A quick one from me today as I think I have fallen to the dreaded Covid after returning from a short trip to Devon. Headache, runny nose, sore throat and a painful cough means sitting in front of a screen is not advisable. I shall be returning to my sick bed any minute now.
However, it is Saturday and time for another six from the garden which I have to say is looking glorious. The weather on our return was beautiful and although I am not fit enough to carry out the emptying of spring bulbs and planting of summer flowers, I did mange a few photos. This morning we had heavy rain and it’s now cloudy and breezy.
The early flowering clematis is over now with Nelly Moser (above) taking her usual position climbing up among the Crinodendron hookerianum and the Goat Willow trees. I only cut this clematis back by a few buds last year and some of it got damaged in the winter storms, so most of the flowering is high up. I might cut it back more dramatically after it has finished flowering. The Chilean lantern tree, which was smothered in flowers last year, has hardly any this. It was badly scorched by the same winter storms, but is looking much better now. Again, a good prune is required to get it back into shape.
At the same time this Clematis montana (which I think is ‘Marjorie’) is making a comeback. Most of it fell over to the other side of the fence in winter storms three or four years ago, so the cattle get the benefit of the flowers. This year there are some on my side.
Alliums are, of course, the mainstay of filling the gap between the last of the spring bulbs and the start of the flowering perennials. Mine were planted several years ago, but some still return, Christophii is spreading well and loved by the bees. ‘Purple Sensation’ not so much, but looks rather good against the lime-green of the Euphorbia oblongata. I bought 15 bulbs last autumn and planted them in a large container, only two have flowered. They will go into a bed in the autumn and take their chances.
I am trying to grow Gertie as a climber up my fence, so far she has responded well with more flowers each year. It’s a shame I planted her at the back of the garden though as she has the most delightful lemony scent.
This year the lupins (another good seasonal filler) are not flowering as well as they did last year, but I can only be grateful that they flower at all as the snails love them! As do the bees.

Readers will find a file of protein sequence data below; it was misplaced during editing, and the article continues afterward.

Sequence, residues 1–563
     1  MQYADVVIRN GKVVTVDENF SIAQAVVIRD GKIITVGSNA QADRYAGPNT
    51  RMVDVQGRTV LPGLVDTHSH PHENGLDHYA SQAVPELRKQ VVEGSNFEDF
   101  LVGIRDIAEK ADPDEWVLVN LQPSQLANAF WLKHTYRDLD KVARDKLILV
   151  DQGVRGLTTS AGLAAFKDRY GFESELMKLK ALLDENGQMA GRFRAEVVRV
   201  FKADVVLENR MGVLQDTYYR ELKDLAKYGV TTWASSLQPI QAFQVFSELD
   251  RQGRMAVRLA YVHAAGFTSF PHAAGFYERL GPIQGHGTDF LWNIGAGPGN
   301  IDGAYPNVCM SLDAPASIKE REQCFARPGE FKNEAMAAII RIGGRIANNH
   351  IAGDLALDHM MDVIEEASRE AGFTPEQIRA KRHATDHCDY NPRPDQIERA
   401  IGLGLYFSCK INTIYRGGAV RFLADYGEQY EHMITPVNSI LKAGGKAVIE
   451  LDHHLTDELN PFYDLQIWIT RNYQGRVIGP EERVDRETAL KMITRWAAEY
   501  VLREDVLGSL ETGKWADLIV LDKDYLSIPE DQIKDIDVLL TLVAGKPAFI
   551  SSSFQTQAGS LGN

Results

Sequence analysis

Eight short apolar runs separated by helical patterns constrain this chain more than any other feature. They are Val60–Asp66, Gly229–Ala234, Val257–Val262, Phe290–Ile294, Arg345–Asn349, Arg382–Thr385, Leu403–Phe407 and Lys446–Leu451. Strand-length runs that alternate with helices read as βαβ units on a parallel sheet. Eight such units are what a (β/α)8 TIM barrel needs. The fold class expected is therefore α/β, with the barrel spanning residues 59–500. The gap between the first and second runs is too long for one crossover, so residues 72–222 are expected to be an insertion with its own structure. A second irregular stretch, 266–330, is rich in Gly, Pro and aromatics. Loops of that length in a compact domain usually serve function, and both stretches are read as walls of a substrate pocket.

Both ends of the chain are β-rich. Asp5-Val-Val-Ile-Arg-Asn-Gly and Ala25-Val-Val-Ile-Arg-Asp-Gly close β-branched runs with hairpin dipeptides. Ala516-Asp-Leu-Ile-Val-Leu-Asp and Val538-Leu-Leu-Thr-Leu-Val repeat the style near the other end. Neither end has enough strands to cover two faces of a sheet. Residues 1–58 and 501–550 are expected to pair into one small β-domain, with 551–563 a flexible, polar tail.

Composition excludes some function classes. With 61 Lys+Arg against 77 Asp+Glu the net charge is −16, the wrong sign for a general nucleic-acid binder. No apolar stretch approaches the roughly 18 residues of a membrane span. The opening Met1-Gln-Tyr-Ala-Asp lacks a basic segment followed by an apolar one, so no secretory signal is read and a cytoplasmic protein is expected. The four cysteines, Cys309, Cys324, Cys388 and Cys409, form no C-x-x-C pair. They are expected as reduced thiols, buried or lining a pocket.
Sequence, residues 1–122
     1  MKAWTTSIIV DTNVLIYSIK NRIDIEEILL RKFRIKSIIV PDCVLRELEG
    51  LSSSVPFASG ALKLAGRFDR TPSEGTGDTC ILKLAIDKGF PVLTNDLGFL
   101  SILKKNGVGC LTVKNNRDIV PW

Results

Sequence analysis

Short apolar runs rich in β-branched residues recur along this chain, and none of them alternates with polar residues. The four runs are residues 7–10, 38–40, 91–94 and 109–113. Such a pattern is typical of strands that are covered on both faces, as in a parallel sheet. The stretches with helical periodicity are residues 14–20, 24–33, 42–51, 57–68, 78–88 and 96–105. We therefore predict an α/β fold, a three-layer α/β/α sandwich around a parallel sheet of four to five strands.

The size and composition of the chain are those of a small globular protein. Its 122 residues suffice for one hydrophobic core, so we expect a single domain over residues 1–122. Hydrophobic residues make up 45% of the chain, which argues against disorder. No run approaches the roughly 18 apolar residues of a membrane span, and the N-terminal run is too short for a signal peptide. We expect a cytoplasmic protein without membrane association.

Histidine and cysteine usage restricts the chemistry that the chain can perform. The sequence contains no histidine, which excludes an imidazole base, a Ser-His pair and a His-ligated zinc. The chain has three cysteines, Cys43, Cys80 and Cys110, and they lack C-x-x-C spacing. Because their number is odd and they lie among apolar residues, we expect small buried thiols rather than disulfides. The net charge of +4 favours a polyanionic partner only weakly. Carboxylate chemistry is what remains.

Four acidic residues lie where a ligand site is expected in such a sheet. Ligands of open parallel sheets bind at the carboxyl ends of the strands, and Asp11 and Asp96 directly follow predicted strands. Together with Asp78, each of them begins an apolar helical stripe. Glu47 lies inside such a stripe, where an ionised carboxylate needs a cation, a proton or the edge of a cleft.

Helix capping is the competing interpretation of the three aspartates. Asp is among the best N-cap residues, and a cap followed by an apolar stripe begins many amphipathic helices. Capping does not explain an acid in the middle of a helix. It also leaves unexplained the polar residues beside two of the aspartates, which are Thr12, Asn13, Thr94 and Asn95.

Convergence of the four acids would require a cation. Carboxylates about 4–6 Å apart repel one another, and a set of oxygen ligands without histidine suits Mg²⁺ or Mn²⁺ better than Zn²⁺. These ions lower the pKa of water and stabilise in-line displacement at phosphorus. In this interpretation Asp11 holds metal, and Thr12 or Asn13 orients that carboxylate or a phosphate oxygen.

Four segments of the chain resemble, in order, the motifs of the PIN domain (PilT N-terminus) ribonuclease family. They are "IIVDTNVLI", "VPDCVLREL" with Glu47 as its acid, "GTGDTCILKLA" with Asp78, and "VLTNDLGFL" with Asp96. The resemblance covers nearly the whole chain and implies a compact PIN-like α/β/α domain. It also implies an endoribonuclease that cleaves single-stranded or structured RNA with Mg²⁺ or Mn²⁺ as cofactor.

I didn’t deliberately not mow my tiny lawn in May, but it was only mown twice. I decided last year to try and encourage it to be more of a wild lawn, which it already was in some ways as daisies and dandelions are rife. There is also some self-heal and some red clover. I have tried to eliminate most of the dandelions as they spread mercilessly throughout the garden and so far I haven’t introduced anything else. Though I do seem to have creeping buttercups. Hardly unusual as they grow elsewhere around the garden.
The header is of one of my visiting blackbirds which serenades me whilst out in the garden. I love my little garden birds and I hope that soon the fledglings will be popping in for a feed.
As always, if you want a peek over other people’s garden walls then please pop over to our host, the lovely Jon, AKA ‘The Propagator’ where you find links to many more wonderful garden enthusiasts from all over the world.
See here for the participant’s guide.
I hope you get better soon and there are no lingering effects.
Me too! I hate feeling ill. 🤒
What unusual petals on your Majorie clematis. The Lupin is looking good too, mine never survived the hungry S&S in springtime. Look after yourself. Mrs Propagator had similar symptoms, in particular that awful, sore throat, but is better now.
Thanks GG. The throat and the cough which hurts the throat is the worst symptom. Today I feel so tired 😴